Every year, the True/False documentary film festival transforms the typically tame college town of Columbia, MO, home of the University of Missouri, into something out of Alice in Wonderland, as participants are dropped down, down, down a rabbit hole and into a land of endless films and parties. Handmade clouds float above ticket buyers at the box office, brick-lined alleyways between streets around town are painted with installation art projects, and coffee shops overflow with legions of filmmakers and the critics who write about them. With over 40 films, 35 different musical performances, eight panels, a parade, a masked ball, storytelling events, and even a 5K, it’s difficult to tell what’s running faster: film reels, the viewers darting around to see said reels, or the artisanal beer taps that are seemingly the only source of hydration for the weekend. The truth about True/False is that there’s too little time and too much to see.
The festival opened Thursday with Village at the End of the World, a film about the village of Niaqornat in northwest Greenland whose mere 59 Inuit inhabitants are facing the pressures of globalization. Directed by husband-and-wife team Sarah Gavron and David Katznelson (the latter has shot episodes of Downton Abbey), it follows a hunter, a teenager, the town’s sewage collector, and an elderly woman throughout the span of a year, during which the town struggles to reopen its fishing factory—the “heart” of Niaqornat that pumps in enough money to keep it independent from being bought out by Royal Greenland. By living in the town for two years (and two sun-less winters) with their toddler-aged children, Gavron and Katznelson realized that their initial theme of climate change was only the tip of the iceberg (pun intended). Yes, thinning ice sheets have endangered the once neighborly polar bears, but social media, tourism, and the incessant demand to keep the town’s miniscule but imperative economy afloat proved equally, if not more, important as Mother Nature. In every literal sense of the phrase, how on Earth can such a small population remain autonomous in a world where everywhere and everyone is increasingly merging into one big whole?
In one segment of the film, the charmingly innocent teenager, Lars, is sitting at his computer, Google-mapping and wondering what life is like for the people who fill the sidewalks of Manhattan. It’s a valid dream, considering Niaqornat has one store, one teacher, and time is clocked by when the sewage man makes his rounds. But though Lars’s vision of the world outside his isolated hamlet may be romantic, the automated images roaming through the grids of Times Square and Chelsea don’t seem nearly as seductive as the slow sunsets and glistening glaciers in his backyard. When a cruise ship stops by for a day tour, the tourists are surprised to hear the town doesn’t have a single restaurant, yet one man notes to the camera how he hopes nothing ever changes. The 59 inhabitants are confident in what they are: a fishing community that wants and needs nothing more than each other and a climate that allows them to keep being sustainable. When Lars leaves at the end to go attend school in a larger, nearby town, it’s clear that it’s not that the inhabitants can’t have more, but that they don’t want more. Gavron and Katznelson’s vision of a film about the ice melting turned into an ineffable piece about a place where time froze, and it’s hard to imagine a more beautiful outcome of irony.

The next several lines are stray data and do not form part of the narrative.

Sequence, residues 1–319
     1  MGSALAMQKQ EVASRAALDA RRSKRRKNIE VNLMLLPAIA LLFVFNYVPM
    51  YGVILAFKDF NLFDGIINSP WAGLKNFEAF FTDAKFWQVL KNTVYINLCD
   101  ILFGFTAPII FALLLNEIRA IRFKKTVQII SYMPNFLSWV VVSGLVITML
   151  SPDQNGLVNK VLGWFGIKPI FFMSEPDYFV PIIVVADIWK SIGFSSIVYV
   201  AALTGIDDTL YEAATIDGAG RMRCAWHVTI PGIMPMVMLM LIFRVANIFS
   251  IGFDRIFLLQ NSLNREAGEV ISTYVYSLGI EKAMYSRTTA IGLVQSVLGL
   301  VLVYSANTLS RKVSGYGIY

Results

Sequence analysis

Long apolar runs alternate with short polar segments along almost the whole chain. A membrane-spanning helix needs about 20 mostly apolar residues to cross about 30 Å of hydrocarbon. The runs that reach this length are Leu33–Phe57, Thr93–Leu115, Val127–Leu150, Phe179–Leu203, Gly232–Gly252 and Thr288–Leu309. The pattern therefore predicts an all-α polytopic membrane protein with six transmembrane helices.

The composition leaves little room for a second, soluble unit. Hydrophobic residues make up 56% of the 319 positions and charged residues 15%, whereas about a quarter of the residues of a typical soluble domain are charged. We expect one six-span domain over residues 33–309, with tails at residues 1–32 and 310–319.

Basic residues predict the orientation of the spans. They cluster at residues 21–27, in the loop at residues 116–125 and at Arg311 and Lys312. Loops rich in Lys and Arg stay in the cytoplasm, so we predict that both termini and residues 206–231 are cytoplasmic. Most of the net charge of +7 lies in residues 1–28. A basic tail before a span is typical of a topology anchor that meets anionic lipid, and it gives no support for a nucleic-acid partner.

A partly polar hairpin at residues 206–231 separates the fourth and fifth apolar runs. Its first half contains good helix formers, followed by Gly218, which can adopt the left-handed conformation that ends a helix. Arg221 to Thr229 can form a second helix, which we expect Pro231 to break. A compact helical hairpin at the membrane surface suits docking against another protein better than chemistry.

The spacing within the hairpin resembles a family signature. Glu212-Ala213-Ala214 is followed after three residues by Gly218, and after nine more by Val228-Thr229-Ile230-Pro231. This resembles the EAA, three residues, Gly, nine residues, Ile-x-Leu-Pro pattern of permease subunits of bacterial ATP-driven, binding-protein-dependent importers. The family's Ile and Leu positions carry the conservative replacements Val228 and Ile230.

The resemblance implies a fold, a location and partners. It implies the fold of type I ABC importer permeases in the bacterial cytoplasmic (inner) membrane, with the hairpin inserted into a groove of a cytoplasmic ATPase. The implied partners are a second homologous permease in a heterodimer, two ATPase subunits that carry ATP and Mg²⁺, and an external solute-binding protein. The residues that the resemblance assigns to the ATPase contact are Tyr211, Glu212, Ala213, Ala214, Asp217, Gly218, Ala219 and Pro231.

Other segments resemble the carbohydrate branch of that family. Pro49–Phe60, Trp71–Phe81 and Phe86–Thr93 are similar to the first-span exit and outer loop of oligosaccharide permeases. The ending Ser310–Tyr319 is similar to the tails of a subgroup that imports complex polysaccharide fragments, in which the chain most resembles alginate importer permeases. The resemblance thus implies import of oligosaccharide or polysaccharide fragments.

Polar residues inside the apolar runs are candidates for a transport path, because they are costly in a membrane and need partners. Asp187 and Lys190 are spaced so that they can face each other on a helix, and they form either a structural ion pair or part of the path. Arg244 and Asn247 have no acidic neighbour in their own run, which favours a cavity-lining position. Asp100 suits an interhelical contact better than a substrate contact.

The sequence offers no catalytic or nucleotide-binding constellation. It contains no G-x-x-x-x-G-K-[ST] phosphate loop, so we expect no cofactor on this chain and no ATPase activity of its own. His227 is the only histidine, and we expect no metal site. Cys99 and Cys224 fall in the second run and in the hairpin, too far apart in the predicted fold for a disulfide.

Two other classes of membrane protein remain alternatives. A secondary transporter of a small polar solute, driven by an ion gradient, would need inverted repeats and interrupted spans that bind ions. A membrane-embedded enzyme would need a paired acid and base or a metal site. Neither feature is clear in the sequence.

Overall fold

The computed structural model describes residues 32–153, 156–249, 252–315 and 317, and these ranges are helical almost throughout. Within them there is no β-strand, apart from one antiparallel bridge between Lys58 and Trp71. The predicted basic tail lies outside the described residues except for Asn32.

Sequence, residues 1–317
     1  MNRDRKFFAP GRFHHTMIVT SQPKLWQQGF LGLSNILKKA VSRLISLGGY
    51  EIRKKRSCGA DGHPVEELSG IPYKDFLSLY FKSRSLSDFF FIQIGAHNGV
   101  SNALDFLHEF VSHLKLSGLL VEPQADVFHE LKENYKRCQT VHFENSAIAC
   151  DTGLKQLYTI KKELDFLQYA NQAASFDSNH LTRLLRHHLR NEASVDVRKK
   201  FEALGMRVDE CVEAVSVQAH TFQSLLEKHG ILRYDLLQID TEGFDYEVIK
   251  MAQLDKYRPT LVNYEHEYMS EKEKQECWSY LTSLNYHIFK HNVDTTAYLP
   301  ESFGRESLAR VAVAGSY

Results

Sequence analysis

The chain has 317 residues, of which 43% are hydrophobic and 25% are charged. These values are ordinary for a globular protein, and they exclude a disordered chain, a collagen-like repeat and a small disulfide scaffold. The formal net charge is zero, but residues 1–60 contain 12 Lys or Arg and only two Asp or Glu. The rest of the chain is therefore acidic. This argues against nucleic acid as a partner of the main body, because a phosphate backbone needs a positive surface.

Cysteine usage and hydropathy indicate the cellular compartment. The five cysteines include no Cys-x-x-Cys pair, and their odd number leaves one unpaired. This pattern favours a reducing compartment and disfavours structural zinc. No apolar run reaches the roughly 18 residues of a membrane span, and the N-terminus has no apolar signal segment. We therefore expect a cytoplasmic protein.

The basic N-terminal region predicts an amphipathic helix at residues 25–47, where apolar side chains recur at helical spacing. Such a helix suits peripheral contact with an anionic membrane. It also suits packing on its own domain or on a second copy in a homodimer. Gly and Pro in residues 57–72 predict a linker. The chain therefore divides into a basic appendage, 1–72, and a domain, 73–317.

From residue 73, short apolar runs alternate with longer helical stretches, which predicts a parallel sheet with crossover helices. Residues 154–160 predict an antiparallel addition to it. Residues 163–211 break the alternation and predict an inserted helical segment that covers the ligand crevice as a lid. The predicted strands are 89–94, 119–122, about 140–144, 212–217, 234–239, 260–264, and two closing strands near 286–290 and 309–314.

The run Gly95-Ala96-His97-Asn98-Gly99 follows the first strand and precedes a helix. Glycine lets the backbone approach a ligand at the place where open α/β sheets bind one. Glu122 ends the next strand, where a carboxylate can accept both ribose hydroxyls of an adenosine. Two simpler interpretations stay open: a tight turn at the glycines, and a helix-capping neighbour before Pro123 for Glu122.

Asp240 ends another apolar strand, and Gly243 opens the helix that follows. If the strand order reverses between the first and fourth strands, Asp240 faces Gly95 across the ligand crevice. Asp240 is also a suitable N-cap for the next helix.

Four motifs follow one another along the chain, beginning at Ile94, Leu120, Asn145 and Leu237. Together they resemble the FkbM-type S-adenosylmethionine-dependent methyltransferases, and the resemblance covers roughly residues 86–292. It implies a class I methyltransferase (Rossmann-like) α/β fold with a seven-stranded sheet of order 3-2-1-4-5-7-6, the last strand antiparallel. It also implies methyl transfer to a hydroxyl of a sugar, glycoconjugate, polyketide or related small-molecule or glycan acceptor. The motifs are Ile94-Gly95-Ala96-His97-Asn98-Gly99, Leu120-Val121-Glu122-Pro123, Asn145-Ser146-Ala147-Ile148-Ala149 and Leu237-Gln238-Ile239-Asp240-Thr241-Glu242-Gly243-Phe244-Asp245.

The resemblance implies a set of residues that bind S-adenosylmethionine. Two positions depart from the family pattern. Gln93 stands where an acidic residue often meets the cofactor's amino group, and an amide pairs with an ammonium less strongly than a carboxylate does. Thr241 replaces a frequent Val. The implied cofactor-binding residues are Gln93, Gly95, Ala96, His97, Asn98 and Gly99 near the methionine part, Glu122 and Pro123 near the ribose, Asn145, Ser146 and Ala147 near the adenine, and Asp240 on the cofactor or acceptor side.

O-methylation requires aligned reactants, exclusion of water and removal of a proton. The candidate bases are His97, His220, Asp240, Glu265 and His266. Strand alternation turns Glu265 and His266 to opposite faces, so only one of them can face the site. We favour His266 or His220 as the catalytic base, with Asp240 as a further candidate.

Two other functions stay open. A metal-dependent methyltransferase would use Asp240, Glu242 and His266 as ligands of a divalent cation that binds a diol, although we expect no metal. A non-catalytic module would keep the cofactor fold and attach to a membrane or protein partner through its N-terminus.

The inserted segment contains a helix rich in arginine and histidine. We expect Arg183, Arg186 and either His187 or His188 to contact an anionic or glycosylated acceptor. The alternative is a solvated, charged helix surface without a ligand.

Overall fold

It’s funny how people use mundane tasks to mark time. One of the most fascinating parts about a documentary festival is noticing the overlaps in people’s lives, no matter where or who or what they are. In Stories We Tell, director Sarah Polley’s brother is seen living in Toronto, far from the icy sheets of Greenland, but still keeps track of time by when he has to take out the trash, not unlike Niaqornat’s sewage man. But I digress. Polley’s latest documents its own creation, which, yes, is as self-indulgent as it sounds, but with a past like hers, it’s entirely forgivable. After her actress mother died of cancer when Polley was still a child, she was left living alone with her father, as her siblings were mostly grown. At some point the long-running family joke about how Polley looked nothing like the rest of her family became an obsession, causing her to question her mother’s past and whether she was as faithful to her husband as she was to her children. Ultimately, this led Polley to the discovery her biological father, and through interviews with her family and her mother’s doctors, friends, and co-thespians, Polley tells the mysterious story of how she was conceived.
Like a well-planned treasure hunt, the film is a map of twists that gives clues but no answers until Polley decides the audience has earned them. Meanwhile, her hard-hitting interrogation process brings out the most human sides of those she questions, most notably her two fathers. It’s a brave film through which Polley recounts how her mother endured years of the sort of nagging fear that accompanies the ritual of covering one’s tracks, all in the name love—love lost with her husband, found with another man, and then rediscovered again with her husband. Polley begins each of her interviews by asking the painstakingly simple question, “Can you tell the whole story?”—and as her subjects slowly begin to open all their doors to the camera, inevitably each story differs, rendering the film as much about the illusions of collective memory as it is about the results of a single love affair. It was perhaps the most fitting film that could have played on the opening night of a doc film festival named True/False, as it shows so much about how there’s rarely a single truth, and even falsehoods—false fathers, in this case—can become truths in time, depending on the eye of the beholder. And oh how much beholding shall be done by eyes this weekend.
True/False runs from February 28—March 3.